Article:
Social media for some is unrestrained playground of their wildest predilections: Kerala HC

Social media is good in the hands of the worthy, but for some it is “an unrestricted playground of their wildest predilections”, the Kerala High Court said on Thursday and added that while freedom of speech and expression was a “valuable” right, some “misuse it to the extreme”.
The observations by Justice Devan Ramachandran came while referring to the social media posts of a former judicial officer who made “disrespectful” and “vitriolic” comments about the orders passed by the high court in relation to the investigation against self-styled antiques dealer Monson Mavunkal.
The former judicial officer had also made personal attacks against the judge, the court noted.

Justice Ramachandran said subsequently he asked the former judicial officer to appear before the court and inform it where it was going wrong, instead of immediately initiating action against him under the Contempt of Courts Act.
However, the former judicial officer did not appear before the court, prompting it to say, during the hearing, that he was a “coward”.
“The tragedy with present days is that busy bodies feel that they can vitriolically say and comment about anything on social media under the impression that no accountability will come to them.”
“Social media is good in the hands of the good and worthy. But for some it is an unrestrained playground of their wildest predilections,” the court said.
The high court subsequently, in its order, noted that after the former judicial officer was asked to appear before it, he “responded” by again “ridiculing” the court and “calling it fascist”.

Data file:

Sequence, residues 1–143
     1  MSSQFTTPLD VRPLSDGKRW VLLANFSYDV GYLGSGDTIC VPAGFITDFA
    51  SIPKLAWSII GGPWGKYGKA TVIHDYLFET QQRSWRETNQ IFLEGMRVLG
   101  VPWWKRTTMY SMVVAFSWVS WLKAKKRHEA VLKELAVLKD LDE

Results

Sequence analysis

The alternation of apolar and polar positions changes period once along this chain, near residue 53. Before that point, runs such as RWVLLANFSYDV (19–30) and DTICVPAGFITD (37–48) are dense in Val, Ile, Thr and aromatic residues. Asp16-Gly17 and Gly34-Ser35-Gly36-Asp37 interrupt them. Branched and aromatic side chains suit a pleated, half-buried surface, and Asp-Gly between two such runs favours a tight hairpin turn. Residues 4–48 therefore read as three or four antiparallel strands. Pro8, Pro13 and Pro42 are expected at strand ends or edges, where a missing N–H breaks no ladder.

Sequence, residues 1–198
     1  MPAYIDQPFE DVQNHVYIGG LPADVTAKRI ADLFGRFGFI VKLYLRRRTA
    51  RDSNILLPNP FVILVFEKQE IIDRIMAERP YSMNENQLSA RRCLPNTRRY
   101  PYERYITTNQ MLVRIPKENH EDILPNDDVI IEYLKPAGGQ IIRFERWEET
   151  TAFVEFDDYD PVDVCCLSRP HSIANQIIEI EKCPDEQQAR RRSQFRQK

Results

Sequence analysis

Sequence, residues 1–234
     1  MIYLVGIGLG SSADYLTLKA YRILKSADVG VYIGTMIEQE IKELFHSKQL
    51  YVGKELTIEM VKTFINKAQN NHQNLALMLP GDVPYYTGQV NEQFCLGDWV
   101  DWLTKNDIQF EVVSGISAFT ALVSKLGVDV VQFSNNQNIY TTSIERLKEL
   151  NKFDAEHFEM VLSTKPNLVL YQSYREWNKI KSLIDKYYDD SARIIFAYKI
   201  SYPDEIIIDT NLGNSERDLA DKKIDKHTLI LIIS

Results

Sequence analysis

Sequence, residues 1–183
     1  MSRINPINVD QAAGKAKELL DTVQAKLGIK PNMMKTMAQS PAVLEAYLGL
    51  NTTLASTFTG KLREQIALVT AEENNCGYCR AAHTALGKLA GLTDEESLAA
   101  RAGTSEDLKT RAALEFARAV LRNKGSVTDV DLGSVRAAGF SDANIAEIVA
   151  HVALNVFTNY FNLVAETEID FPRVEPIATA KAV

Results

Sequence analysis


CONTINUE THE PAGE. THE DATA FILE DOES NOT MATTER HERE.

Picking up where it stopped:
It also noted that the High Court Registry found that he had also put up posts projecting himself as a martyr and threatening to harm himself.
“The scenario is, thus, clear. The mindset of this individual is nihilistic and I, therefore, close this opportunity of hearing to him, recognising that he will have nothing worthwhile to say,” Justice Ramachandran said.
He further said that free speech was a “key to the intellect” and the power of expression was “the most valuable and powerful facet of human existence”, but a few “misuse the freedom to its extreme”.
The court said that it was the actions of such persons which “compels” even the right thinking citizens to seek regulation of the online space.

Justice Ramachandran said the only punishment he can offer the former judicial officer for his “wanton utterances” was to treat the same as inconsequential and “deny him his 15 minutes of fame”.
With these observations, the court dismissed the summons it had issued to the former judicial officer and directed the High Court Registry to take requisite action as per law, on the compilation made by it of his posts, after obtaining necessary orders from the Chief Justice.

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